What Will We Do With Innocent People's DNA?

Justin justin-cypherpunks at soze.net
Tue Mar 22 08:51:41 PST 2005

On 2005-03-22T15:48:19+0100, Eugen Leitl wrote:
> Link: http://slashdot.org/article.pl?sid=05/03/21/1937206
> Posted by: timothy, on 2005-03-21 23:11:00
>    from the if-you-have-nothing-to-hide dept.
>    [1]NevDull writes "As creepy as it may be to deal with identity theft
>    from corporate databases, [2]imagine being swabbed for DNA samples as

When they take DNA samples, they use a handful of restriction enzymes
and then blot the resulting dna chains.  How do they digitize that to
enable automated searching?  What kind of tolerances do they use?  Do
they shift the blots vertically and compress or expand one of them to
get the best match?  What kinds of error margins does the digitization
process introduce?

I think privacy advocates are going overboard.  I don't like DNA
collection either, but there's no way a criminal can use southern blot
profile data from a database to either compromise the individual's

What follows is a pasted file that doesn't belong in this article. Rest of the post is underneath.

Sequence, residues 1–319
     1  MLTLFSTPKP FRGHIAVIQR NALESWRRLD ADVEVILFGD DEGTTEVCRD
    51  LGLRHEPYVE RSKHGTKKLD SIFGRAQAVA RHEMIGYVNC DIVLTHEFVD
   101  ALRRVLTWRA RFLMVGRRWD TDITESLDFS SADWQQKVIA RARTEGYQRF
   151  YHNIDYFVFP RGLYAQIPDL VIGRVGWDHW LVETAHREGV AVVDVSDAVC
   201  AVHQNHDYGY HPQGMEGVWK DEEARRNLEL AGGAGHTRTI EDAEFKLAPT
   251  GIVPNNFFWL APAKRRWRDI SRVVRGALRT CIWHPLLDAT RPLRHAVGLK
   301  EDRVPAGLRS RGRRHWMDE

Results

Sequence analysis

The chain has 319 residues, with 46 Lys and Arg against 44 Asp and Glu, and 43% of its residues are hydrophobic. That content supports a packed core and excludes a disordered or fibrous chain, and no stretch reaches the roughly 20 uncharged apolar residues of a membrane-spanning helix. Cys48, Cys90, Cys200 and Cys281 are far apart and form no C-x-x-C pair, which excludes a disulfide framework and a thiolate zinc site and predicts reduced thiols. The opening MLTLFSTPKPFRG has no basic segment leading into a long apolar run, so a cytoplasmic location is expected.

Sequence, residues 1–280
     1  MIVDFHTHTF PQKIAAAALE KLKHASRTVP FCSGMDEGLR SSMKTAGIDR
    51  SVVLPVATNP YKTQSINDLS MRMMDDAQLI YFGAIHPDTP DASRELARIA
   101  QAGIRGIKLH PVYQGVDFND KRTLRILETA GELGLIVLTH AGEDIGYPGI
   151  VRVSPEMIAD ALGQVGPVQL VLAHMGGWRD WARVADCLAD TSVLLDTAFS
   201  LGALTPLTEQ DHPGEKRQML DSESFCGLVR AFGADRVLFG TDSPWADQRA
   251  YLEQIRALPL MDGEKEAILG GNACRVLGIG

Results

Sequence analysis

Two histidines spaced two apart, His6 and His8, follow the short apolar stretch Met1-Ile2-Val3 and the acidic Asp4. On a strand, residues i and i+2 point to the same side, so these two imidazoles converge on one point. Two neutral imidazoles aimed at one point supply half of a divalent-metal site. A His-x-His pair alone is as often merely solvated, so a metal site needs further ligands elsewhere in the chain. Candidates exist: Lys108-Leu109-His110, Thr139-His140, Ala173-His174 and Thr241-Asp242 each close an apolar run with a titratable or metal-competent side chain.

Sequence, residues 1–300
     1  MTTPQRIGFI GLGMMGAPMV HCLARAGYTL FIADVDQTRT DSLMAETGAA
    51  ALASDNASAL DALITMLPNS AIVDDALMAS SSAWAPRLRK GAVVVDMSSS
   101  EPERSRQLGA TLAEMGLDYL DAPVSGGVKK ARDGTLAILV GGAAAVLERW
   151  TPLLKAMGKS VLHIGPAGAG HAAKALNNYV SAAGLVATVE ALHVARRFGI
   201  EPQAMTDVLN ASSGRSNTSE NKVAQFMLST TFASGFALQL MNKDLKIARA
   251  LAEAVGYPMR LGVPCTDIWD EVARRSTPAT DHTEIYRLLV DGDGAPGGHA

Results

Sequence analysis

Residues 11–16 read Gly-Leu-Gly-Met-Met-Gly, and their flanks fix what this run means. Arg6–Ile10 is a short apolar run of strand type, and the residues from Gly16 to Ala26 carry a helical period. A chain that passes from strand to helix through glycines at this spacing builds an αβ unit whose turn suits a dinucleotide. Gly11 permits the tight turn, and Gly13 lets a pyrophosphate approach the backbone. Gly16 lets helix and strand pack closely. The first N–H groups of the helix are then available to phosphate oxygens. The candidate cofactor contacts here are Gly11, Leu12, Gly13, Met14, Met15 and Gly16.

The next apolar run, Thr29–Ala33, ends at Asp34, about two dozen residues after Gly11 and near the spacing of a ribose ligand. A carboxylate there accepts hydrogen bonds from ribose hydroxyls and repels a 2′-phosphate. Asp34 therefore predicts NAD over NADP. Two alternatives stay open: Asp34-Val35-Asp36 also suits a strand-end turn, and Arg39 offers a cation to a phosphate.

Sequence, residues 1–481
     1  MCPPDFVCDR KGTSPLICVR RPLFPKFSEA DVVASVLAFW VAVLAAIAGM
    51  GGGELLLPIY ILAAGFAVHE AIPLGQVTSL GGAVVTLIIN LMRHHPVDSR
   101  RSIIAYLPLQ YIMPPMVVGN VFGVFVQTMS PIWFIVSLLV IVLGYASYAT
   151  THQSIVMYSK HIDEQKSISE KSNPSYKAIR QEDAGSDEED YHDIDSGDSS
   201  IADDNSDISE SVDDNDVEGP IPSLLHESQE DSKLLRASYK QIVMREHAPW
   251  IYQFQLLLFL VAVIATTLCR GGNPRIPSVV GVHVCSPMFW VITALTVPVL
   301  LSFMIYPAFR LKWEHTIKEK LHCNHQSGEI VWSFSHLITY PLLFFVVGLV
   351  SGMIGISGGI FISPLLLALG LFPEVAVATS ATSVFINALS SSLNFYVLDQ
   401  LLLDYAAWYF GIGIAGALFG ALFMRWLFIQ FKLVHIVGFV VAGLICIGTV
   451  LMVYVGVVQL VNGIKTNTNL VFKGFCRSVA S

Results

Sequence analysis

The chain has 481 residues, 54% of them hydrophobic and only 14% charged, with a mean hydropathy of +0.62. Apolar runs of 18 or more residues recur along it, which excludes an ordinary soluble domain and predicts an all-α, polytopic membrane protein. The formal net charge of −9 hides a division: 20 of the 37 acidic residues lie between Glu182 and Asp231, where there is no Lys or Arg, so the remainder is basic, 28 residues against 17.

privacy or plant evidence at another crime scene.

What's disturbing is that most entities that collect DNA keep the
original tissue samples in storage.  How long will it be until full DNA
sequencing becomes cheap enough that they use it in serious cases
(murder)?  Craig Venter still has a standing offer to sequence wealthy
individuals' DNA for $1 mil, doesn't he?  Or was it a few million... I
don't recall.  They'd only need to sequence one chromosome, too, which
should reduce costs.  What's the actual cost of sequencing, per kb or mb
(basepair, not bit)?

Certainly there is no hunting like the hunting of man, and those who
have hunted armed men long enough and liked it, never really care for
anything else thereafter.           --Hemingway, Esquire, April 1936

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